Morisawa searched for the best new typefaces. Here they are.
How many design competitions today are free to enter? How many offer real prizes? The Morisawa Type Design Competition is not a fundraiser. It isn’t a publicity stunt. It isn’t a portfolio piece. It’s a way for Morisawa to find the best new typefaces.
The competition is one of a kind. Entrants can submit as many typefaces as they like, (with no entry fee), and—wait for it—the two gold prize winners (one for Kanji and one for Latin type) each receive JPY 1 million, about $9,380 USD. The Silver, Bronze, and Honorable mention winners don’t leave empty-handed either, taking home JPY 500,000, 300,000, and 50,000, respectively.
The first version of the competition, “The Morisawa Awards International Typeface Design Competition,” took place seven times: Every three years from 1984 until 2002. The jury consistently included some of the time’s foremost designers, with Ikko Tanaka, Adrian Frutiger, and Matthew Carter among them.
After a ten-year hiatus, Morisawa brought back the competition with a simpler name, new categories, and the same unwavering focus on excellent type design. The company added two more categories: The themed Akashi Award and the publicly selected People’s Choice Award.
Over a three-month-long submission period, Morisawa collected 813 entry works (258 in the Kanji category and 555 in the Latin category), with applicants submitting from 53 countries. It marked the largest and most competitive entry pool in the competition’s history.
One of the appeals of entering The Morisawa Type Design Competition, aside from the cash prizes, is having your work viewed and critiqued by an astute panel of judges. For two days last May, the judges did just this, poring over hundreds of typefaces, each printed neatly in black on a single A3 sheet of paper.
The judges of the Kanji category included the president of design and printing company GRAPH, Issay Kitagawa, the co-founder of the Japanese type foundry JIYUKOBO, Osamu Torinoumi, prominent Adobe type designer Ryoko Nishizuka, and the founder of Hiromura Masaaki Design Office, Masaaki Hiromura.
The judges of the Latin category included the co-founder of online shop type.today, Ilya Ruderman, author and professor at HBKsaar, Indra Kupferschmid, the founder of type foundry Occupant Fonts, Cyrus Highsmith, and the founder of type foundry Type-Ø-Tones, Laura Meseguer. With Matthew Carter as Emeritus jury member.
The typefaces selected by this celebrated group of type people to win Morisawa’s prizes came from nearly every corner of the Earth: Japan, Taiwan, South Korea, Switzerland, France, Russia, Brazil, Portugal, Ukraine. . . and the United States. And their styles include everything from calligraphic to slab-serif, from rounded to reverse contrast. It’s a diverse collection, and while consumers cannot purchase licenses to them yet, Morisawa has a history of working with its competition winners to finish and distribute their fonts.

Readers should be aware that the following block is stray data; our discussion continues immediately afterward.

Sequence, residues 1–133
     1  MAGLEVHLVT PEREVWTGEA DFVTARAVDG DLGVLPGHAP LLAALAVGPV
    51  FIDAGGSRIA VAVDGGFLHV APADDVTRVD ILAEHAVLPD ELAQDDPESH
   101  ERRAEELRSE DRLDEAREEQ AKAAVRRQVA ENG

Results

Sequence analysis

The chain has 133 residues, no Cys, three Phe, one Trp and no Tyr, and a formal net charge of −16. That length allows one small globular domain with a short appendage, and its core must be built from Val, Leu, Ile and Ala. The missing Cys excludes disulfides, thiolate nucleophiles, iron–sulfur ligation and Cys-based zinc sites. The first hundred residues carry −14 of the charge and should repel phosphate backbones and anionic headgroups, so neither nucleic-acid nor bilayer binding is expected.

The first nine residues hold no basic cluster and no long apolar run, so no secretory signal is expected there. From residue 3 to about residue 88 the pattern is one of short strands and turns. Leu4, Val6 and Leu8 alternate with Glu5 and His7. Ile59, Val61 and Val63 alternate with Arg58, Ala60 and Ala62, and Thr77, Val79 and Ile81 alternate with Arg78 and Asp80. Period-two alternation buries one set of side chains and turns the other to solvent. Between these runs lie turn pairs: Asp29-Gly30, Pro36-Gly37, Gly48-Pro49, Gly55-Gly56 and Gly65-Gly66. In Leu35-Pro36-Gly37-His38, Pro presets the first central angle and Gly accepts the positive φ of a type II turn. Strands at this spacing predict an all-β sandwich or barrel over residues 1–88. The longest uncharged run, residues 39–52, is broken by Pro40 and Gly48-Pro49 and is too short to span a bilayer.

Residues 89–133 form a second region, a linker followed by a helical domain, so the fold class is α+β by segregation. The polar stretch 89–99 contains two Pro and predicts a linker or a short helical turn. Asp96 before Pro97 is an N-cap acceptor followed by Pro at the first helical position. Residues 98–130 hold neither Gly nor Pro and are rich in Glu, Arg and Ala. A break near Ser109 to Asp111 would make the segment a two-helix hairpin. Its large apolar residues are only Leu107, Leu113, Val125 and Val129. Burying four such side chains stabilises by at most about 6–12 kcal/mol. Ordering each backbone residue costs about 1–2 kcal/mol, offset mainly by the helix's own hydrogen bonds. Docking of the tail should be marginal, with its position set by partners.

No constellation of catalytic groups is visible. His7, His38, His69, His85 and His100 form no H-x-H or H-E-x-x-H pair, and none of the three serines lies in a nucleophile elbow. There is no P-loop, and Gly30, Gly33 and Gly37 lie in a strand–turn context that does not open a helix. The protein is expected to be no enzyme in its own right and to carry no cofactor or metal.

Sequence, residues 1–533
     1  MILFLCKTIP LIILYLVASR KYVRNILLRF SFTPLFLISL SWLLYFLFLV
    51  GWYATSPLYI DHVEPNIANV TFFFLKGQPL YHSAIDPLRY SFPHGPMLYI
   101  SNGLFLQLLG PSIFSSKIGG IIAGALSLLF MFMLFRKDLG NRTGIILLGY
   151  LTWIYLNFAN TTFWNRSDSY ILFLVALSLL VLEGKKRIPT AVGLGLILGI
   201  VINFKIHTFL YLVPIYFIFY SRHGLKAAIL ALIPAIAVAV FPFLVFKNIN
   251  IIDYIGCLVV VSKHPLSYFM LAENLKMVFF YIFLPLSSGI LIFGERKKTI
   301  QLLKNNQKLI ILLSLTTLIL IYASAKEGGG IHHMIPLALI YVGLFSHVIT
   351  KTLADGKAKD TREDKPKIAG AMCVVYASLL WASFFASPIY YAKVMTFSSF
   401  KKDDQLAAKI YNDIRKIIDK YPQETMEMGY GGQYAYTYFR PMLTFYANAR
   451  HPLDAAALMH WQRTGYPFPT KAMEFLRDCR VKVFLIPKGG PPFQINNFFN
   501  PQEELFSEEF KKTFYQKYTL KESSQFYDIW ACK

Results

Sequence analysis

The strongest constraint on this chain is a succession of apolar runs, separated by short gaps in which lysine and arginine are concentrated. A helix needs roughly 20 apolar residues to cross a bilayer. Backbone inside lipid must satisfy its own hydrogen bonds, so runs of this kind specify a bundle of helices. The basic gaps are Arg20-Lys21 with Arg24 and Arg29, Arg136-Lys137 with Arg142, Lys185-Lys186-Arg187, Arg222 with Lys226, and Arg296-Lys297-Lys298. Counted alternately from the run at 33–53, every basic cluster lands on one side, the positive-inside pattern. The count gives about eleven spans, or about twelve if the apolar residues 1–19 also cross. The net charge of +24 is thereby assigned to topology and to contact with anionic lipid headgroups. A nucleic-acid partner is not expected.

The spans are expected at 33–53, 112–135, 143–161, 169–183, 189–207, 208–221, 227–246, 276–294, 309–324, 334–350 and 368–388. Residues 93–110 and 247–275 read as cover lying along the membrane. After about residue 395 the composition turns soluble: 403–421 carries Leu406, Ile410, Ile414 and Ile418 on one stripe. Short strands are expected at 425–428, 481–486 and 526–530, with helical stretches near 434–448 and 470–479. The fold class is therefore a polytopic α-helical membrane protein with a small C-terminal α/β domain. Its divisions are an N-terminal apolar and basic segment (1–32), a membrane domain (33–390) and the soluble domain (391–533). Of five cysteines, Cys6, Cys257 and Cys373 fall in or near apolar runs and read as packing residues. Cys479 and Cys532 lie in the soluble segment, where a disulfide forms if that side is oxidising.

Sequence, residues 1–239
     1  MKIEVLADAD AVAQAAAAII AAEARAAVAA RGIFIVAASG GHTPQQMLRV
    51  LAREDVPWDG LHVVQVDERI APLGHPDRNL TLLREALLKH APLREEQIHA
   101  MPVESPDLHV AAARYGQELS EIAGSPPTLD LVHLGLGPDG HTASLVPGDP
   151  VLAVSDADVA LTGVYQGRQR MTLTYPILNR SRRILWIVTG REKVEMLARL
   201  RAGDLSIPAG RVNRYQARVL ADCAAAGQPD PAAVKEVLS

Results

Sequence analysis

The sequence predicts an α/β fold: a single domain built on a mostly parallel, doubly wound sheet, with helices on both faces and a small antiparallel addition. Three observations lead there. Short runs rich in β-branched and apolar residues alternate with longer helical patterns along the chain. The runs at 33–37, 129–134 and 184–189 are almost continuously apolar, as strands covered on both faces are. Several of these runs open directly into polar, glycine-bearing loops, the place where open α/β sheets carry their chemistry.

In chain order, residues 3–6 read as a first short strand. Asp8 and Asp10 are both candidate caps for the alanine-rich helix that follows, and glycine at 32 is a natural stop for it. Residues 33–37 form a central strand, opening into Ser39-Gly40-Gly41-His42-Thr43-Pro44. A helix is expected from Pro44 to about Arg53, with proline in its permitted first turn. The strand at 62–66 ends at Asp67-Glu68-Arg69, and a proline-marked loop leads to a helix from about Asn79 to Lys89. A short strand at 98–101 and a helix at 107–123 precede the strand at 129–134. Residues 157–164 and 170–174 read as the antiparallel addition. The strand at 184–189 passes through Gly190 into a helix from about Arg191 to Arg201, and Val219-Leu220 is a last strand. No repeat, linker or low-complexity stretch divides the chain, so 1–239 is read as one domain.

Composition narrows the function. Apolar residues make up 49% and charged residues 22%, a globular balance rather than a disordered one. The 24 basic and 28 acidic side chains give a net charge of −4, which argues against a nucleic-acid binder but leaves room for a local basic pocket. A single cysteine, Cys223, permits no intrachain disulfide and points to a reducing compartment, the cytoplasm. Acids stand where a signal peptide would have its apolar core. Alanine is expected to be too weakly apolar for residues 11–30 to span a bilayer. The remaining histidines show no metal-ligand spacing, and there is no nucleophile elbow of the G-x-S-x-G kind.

Morisawa searched for and found the world’s best new typefaces.
The designer known as Yokokaku was born in Nagano Prefecture and graduated from Tama Art University before joining JIYUKOBO Ltd. in 1994. After establishing the design studio Yokokaku in 2009, he released the komo no ji, douro no ji, and dot no ji series. Yokokaku was awarded an honorable mention in the 2016 Morisawa Type Design Competition.
Noheul Lee, South Korea
Passionate about type design, Noheul Lee graduated from the Type and Media program at the KABK, The Hague in 2018. While Lee currently works as a multi-script type and graphic designer, in 2020, she will become a partner at lo-ol type foundry, a Swiss studio. She won the sixth Bang Il Young Cultural Foundation Fund Competition for Hangul typeface in Korea.
Daisuke Fukushi, Japan
Daisuke Fukushi was born in Aomori Prefecture in 1979. He went on to work at several design offices before going independent earlier this year. While his primary focus is on editorial design, Fukushi has a strong interest in type design and completed his studies at Robundo Publishing’s private typography school in Shinjuku (28th graduating class) in 2016.
Ondřej Báchor, Czech Republic
Ondřej Báchor is a Czech graphic and type designer who works in various fields, from culture to commerce. With a strong focus on typography, Báchor’s work aims to combine various techniques and styles. Since graduating, he has run his own studio in Lausanne, Switzerland and has worked as a teaching assistant for the Master in Type Design at ECAL.
Tien-Min Liao, Taiwan
Tien-Min Liao is a New York-based designer born and raised in Taipei. Since finishing The Cooper Union’s extended type design program in 2015, Liao has designed custom typefaces and various logotypes for consumer brands and global organizations. She was also named one of the Ascenders 2018 by the Type Directors Club.
Théo Guillard, France
Théo Guillard is a French typeface designer based in Barcelona. Born in 1988 in Lille, he studied graphic and type design at AxeSud in Toulouse, France. After creating calligraphy for communication agencies, he specialized in retail and custom typefaces for foundries. Through that endeavor, he won a Type Directors Club award with Black[Foundry] for Read Condensed Greek. Now he currently divides his time between researching imaginary writing systems, retail type design, and commissioned works.
Ganta Uchikiba, Japan
Mie Yokota, Japan
Shinji Shinkai, Japan
Olga Pankova, Russia
Eduardo Garcia & Rennó Pereira, Brazil/Portugal
Dmitry Rastvortsev, Ukraine
The Big Jaw
Fang-Ping Lin, Taiwan
Furantsu Sumi, Japan
Olga Pankova, Russia
Michael Aronson, United States
More from TYPE Nº4: Special Issue sponsored by Morisawa
Type around the World
On the love of bread-headed superheroes
A pocketful of type
The spirit is in the details
The last phototypesetter
On a role